Isidre kept laughing as we wound through the narrow streets of Cadaqués, kept waving and calling out to almost every person we passed with a greeting that sounded like déu, god. A policeman, a construction worker, a fisherman — todos se conocen in this little seaside town, he told me, talking to me in patient Spanish I was surprised to learn I could actually keep up with.
Tucked in Spain’s easternmost peninsula just shy of the French border, Cadaqués is accessible from Barcelona via a two-hour, 24-euro bus trip whose final leg takes you through a stunning mountain pass — a ride serpentine enough to make even the strongest of stomach turn green, but so brainshatteringly beautiful it doesn’t matter.
I’d made the trek specifically to see Dalí’s home in the neighboring village of Port Lligat, where he’d lived and worked the majority of his years. And to be sure, visiting that space — and furtively popping an olive from one of his grove’s trees in my mouth, so green it made me grimace — was incredible, but it was far from the best thing I found there.
I guess this is the part where I admit I haven’t actually fallen in love with Barcelona.
I always thought I wanted to live in a big city, to spend every day writing and wistfully watching passers-by from my shoebox apartment. I was deeply enamored with the idea of commuting by metro.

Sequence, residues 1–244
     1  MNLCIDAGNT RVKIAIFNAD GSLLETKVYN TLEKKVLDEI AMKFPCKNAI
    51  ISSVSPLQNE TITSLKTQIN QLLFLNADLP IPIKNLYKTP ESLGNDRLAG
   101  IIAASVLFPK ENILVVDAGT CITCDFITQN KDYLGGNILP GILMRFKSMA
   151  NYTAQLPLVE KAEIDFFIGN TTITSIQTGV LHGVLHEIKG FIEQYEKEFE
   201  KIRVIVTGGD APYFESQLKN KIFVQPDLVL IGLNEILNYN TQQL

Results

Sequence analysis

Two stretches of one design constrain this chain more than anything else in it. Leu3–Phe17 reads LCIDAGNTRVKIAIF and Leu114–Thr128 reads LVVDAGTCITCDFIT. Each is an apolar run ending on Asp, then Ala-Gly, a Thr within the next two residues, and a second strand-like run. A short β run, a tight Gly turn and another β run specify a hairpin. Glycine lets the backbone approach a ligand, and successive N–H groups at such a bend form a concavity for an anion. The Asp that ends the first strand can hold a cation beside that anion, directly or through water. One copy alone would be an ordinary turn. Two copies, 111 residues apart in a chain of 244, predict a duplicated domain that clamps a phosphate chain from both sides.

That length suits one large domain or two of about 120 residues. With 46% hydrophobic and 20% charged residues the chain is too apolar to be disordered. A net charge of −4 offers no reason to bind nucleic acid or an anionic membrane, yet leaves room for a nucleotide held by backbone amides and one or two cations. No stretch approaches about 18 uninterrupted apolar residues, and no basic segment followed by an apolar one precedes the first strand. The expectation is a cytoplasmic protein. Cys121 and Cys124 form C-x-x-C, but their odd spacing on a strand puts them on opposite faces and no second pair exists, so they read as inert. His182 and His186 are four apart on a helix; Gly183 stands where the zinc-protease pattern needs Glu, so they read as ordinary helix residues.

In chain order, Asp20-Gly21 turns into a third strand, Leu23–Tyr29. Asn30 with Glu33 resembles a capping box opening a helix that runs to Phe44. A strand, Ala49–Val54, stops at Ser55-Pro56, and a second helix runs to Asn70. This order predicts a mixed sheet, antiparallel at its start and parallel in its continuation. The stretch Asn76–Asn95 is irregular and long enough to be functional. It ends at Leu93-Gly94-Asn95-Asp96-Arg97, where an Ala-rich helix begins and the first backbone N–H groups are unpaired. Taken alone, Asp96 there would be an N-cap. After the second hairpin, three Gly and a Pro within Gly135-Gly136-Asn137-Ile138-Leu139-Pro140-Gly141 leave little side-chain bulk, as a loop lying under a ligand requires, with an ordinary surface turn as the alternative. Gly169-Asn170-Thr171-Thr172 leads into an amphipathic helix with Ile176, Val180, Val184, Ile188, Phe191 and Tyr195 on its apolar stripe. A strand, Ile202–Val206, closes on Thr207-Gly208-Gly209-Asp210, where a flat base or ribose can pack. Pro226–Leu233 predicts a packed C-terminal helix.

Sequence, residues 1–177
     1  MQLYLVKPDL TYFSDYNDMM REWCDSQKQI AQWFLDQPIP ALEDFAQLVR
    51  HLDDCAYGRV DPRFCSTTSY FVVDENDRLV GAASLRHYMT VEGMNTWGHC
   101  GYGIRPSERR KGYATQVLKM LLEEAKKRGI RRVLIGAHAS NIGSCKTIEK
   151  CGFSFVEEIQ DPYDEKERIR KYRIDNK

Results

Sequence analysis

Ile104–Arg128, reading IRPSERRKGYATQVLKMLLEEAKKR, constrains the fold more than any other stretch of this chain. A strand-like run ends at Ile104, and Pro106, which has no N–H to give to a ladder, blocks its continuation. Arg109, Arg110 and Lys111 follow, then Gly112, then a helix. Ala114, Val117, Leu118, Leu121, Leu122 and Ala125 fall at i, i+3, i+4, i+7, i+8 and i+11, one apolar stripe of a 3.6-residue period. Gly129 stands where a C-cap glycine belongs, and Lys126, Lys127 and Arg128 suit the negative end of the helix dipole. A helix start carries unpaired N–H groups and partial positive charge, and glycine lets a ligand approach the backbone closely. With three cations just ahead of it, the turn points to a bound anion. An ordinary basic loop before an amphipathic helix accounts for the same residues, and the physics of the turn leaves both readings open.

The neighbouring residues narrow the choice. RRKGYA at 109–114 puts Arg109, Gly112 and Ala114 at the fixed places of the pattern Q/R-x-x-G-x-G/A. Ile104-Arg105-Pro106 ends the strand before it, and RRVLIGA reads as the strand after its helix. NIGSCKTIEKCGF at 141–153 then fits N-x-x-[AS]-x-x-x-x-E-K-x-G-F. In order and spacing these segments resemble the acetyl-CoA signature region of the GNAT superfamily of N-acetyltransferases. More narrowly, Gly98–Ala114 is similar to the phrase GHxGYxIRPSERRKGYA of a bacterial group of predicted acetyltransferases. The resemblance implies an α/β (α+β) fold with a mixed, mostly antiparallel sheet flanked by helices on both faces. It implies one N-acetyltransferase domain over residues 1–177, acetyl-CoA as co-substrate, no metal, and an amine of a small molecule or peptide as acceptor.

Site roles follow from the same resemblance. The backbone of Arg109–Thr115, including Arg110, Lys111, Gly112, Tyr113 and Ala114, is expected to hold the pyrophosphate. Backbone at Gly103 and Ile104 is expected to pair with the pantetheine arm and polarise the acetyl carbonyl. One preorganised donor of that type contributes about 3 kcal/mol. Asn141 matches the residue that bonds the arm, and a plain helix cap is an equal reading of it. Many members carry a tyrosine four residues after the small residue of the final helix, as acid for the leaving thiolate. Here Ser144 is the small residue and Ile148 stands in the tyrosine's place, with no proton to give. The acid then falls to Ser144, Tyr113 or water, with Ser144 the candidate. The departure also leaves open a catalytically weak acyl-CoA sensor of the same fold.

Maybe I haven’t found the right city yet; maybe I outgrew the desire. But I think it might also be possible that the city life I’m imagining doesn’t really exist anymore. Everything’s priced out of reach, crammed with tourists, and not-so-slowly succumbing to gentrification. Last I heard, die-hard Portlanders are moving to Boise, for god’s sake, and surely even Idaho won’t ultimately evade modern-day Americana’s kombucha-and-Anthropologie clutches.
Don’t get me wrong: Barcelona has so much to offer, and I’ve discovered more than my fair share of joy here. And it’s not as if the entire Cap de Creus peninsula isn’t replete with tourism — the pedestrian map of town even shared the same font as the one in St. Augustine. Maybe, in the end, there are only a few types of places, different iterations of the same theme: beach towns, metropoleis, the stacked safeguards of suburbs.
But Cadaqués, whose clear, clean water broke my heart; Cadaqués, where an off-duty waitress grabbed me by the arm to gush over my tattoo and also — I use this word as generously as possible; she was unforgettably sweet — to drag me over to show her boyfriend. She was the one who urged me to go up to Cap de Creus, saying it was “truly magic” (so many of the best people I’ve met talk unironically about magic), and she was already making plans for my return when I revealed I’d only be there for two nights. We spoke in a mish-mash of half-languages after she exhausted all the possible fluency options: “Do you speak German? French? Italian?” She was the first person to ever call me out for my American accent.
Cadaqués, where I listened to the chef in a deserted restaurant help her son with his homework while I ate what she’d just made in silence; after, the boy approached me and asked me if I had a daughter because a girl in his class looks just like me, as if I’d been preceded to this place by my ghost. Cadaqués, where I watched the sun rise at the edge of the world and, for the first time in years, sat there long after it was full-bore in the sky, not wanting to be anywhere else. Where I found, if only briefly, whatever it is I always seem to be looking for.